On 22 June 2016, the European Union Agency for Fundamental Rights (FRA) and the European Court of Human Rights launch a practical handbook on European law relating to access to justice.
“Access to justice is not just a right in itself. It is also a key enabler for making other fundamental rights a reality,” says FRA Director Michael O’Flaherty. “This practical guide provides legal practitioners with a key legal resource to help them actively support all those who face barriers in fully and effectively enjoying access to justice.”
“This handbook summarises key access to justice principles, drawing on a wide body of European law and jurisprudence,” says President of the European Court of Human Rights Guido Raimondi. “Providing easy-to-use information on the main standards in Europe will greatly assist legal practitioners ensure everyone seeking justice has proper support, a fair trial and access to effective remedies.”
The Handbook on European law relating to access to justice is a comprehensive guide to European law in this area. It seeks to raise awareness and improve knowledge of relevant standards set by the European Union and the Council of Europe, particularly through the case law of the Court of Justice of the EU and the European Court of Human Rights.
This handbook is designed to assist judges, prosecutors and legal practitioners involved in litigation in EU and Council of Europe Member States with legal issues relating to access to justice. Non-governmental organisations and other bodies that assist individuals in accessing justice will also find it useful.
The publication focuses principally on civil and criminal law. It covers such issues as a fair and public hearing before an independent and impartial tribunal; legal aid; the right to be advised, defended and represented; the right to an effective remedy; length of proceedings; and other limitations on access to justice. It also examines access to justice in selected areas: victims of crime; people with disabilities; prisoners and pre-trial detainees; environmental law; and e-justice.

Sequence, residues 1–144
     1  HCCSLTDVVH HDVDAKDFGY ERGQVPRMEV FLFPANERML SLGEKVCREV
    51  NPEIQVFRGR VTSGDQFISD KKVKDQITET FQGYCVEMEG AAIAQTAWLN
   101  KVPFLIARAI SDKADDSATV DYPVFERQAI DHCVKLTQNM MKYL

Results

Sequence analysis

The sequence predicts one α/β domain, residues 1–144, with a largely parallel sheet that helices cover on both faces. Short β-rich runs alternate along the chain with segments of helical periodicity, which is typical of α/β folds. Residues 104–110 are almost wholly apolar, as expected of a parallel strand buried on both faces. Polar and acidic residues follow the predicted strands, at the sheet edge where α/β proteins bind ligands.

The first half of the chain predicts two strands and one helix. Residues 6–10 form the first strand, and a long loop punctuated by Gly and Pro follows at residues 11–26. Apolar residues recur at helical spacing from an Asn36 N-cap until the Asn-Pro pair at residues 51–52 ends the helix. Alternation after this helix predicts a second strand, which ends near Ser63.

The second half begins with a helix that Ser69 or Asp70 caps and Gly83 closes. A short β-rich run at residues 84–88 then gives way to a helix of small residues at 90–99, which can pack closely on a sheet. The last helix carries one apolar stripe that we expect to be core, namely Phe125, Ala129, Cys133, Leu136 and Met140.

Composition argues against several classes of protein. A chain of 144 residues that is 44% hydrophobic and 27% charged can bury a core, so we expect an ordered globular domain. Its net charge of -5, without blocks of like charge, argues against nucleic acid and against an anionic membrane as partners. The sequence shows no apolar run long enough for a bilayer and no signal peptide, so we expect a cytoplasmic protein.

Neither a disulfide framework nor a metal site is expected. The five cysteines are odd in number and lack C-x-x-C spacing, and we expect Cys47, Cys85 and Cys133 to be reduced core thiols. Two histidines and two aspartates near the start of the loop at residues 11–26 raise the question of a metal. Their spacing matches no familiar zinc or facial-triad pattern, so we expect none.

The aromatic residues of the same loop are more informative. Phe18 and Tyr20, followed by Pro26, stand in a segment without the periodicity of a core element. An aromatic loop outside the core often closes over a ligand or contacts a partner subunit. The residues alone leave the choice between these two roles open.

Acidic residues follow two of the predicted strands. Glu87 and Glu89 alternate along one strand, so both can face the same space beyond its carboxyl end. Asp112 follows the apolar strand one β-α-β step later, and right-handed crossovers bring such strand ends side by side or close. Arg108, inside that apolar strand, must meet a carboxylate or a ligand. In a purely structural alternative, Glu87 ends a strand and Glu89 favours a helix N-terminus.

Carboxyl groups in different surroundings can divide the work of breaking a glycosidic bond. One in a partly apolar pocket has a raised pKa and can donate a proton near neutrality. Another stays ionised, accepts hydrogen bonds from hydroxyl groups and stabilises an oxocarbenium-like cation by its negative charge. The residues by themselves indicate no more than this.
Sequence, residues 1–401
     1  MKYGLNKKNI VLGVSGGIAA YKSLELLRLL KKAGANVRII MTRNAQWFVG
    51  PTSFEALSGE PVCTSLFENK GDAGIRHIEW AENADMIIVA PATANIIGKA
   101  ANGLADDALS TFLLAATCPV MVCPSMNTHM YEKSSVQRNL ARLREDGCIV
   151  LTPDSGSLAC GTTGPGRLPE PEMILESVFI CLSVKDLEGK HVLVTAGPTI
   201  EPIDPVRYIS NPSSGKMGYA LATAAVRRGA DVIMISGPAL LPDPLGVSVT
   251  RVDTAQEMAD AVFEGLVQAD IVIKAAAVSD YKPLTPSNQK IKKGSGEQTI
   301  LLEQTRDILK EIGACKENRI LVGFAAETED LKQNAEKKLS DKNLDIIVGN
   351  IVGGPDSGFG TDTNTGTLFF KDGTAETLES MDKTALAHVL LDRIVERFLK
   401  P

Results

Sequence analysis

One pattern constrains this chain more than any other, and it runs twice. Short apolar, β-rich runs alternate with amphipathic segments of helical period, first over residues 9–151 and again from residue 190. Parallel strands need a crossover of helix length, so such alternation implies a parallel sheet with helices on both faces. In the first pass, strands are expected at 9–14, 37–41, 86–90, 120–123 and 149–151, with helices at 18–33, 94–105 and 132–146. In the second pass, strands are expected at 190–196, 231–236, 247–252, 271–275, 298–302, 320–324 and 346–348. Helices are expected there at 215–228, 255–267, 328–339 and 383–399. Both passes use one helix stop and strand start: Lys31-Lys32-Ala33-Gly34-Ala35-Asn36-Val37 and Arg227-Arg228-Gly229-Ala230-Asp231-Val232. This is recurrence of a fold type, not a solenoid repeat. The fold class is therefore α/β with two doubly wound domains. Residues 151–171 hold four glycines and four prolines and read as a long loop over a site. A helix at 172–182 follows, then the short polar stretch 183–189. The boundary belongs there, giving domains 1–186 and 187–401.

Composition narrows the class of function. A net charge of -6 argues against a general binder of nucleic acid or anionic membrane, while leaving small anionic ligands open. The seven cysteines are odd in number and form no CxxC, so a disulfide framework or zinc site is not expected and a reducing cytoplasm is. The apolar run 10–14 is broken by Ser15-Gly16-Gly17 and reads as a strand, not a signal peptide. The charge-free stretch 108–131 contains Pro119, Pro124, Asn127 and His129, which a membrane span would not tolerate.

Many judicial systems face increasing workloads and access to courts can be expensive. A broader view of access to justice encompasses non-judicial bodies as well as courts. This may include equality bodies, administrative and non-judicial institutions that deal with cases of discrimination, national human rights institutions (NHRIs), ombudsperson institutions, data protection authorities, labour inspectorates and specialised tribunals. EU Member States established some of these bodies pursuant to specific EU legislative requirements – for example, equality bodies on racial or ethnic equality and gender equality were set up under the Racial Equality Directive, and national data protection authorities under the Data Protection Directive.
Quasi-judicial procedures brought before non-judicial bodies – often in a form of mediation (see Section 2.4.2 on alternative dispute resolution) – may provide faster, less formalistic and cheaper alternatives for claimants. However, the majority of non-judicial bodies do not have the power to issue binding decisions (exceptions include, for example, data protection authorities and some equality bodies), and their powers of compensation are generally limited.
The ECtHR has stated that a non-judicial body under domestic law may be considered to be a court if it quite clearly performs judicial functions and offers the procedural guarantees required by Article 6 of the ECHR, such as impartiality and independence (see Section 2.1.2). If it does not, the non-judicial body must be subject to supervision by a judicial body that has full jurisdiction and complies with the requirements of Article 6.
Administrative, non-judicial bodies may also advance access to justice by allowing collective redress or complaints. This permits complainants to join forces so that many individual claims relating to the same case can be combined into a single court action.149 This may allow organisations, such as NGOs, to file complaints on behalf of individuals.